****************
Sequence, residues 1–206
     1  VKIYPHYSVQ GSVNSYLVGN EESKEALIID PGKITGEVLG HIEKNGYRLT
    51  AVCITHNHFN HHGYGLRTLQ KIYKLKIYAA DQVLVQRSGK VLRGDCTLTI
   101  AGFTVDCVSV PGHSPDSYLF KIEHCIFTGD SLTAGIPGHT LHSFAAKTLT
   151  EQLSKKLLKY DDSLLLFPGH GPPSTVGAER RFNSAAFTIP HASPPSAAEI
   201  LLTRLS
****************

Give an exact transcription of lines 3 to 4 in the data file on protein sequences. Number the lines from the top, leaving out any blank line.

    51  AVCITHNHFN HHGYGLRTLQ KIYKLKIYAA DQVLVQRSGK VLRGDCTLTI
   101  AGFTVDCVSV PGHSPDSYLF KIEHCIFTGD SLTAGIPGHT LHSFAAKTLT